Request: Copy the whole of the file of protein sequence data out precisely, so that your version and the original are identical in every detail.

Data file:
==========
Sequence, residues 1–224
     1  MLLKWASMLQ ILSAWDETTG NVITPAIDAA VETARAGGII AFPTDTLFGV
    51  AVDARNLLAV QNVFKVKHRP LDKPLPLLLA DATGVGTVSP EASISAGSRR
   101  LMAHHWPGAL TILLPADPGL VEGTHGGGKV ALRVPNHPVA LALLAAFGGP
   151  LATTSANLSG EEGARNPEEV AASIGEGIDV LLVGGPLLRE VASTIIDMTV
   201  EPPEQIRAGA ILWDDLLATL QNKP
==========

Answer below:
Sequence, residues 1–224
     1  MLLKWASMLQ ILSAWDETTG NVITPAIDAA VETARAGGII AFPTDTLFGV
    51  AVDARNLLAV QNVFKVKHRP LDKPLPLLLA DATGVGTVSP EASISAGSRR
   101  LMAHHWPGAL TILLPADPGL VEGTHGGGKV ALRVPNHPVA LALLAAFGGP
   151  LATTSANLSG EEGARNPEEV AASIGEGIDV LLVGGPLLRE VASTIIDMTV
   201  EPPEQIRAGA ILWDDLLATL QNKP